What’s most important is to find a proven system that fits your company—and stick to it! You don’t have to keep dealing with the same problems time and time again.

Start implementing these steps at your next leadership team meeting. Establish the ground rules, list your issues and dig in until you’ve solved the root cause. And start enjoying fewer business problems!

Entrepreneur’s Organization is a global network of over 13,000 business owners. Learn how EO New Jersey helps over 100 business owners grow.

Todd Smart has been a founder, co-founder or partner in eight businesses since 1991. He is currently an EOS Implementer as well as a co-founder for Traction Tools software for EOS and a partner in OSM SolutionsFirst. Todd joined EO in 1992 as part of the founding group in Minneapolis, Minnesota. He later transferred to the Chicago chapter. 

This post was originally published on the EO Global Octane Blog.

Work On Your Business, Not In Your Business

Entrepreneur’s Organization is a global network of over 13,000 business owners. Learn how EO New Jersey helps over 100 business owners grow.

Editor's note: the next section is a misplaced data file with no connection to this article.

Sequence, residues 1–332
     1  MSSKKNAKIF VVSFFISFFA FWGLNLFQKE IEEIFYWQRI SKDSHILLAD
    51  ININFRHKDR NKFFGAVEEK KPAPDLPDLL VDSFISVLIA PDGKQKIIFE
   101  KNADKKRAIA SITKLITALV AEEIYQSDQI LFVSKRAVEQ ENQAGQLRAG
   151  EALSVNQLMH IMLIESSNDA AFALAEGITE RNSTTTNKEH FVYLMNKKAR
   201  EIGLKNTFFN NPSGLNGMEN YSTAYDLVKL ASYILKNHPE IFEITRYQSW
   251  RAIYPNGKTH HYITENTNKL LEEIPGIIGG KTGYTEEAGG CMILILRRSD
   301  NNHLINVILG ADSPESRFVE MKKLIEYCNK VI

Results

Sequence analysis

David Cusimano shares how he worked through the stages of hearing and actually doing a key piece of advice for business owners. 

If you’re like most business owners who often search for opportunities and business advice at odd hours of the night, you’ve probably come across the advice that you should spend more time “working on your business, not in your business.”

Hearing this advice, accepting it and actually living it are three distinct stages.

I hope my story of working through these stages can assist others in their quests to create scalable businesses they will one day be able to sell and, in turn, create a legacy for their families.

Within a few months of starting my first business (a flight training business), I was regularly working six to seven days per week and often ten to twelve hours per day.

Success was within reach, and like most young entrepreneurs, I thought if I could just squeeze another few hours into a week, I would obtain it. I fell into the E-Myth trap, as described in Michael Gerber’s book by the same name.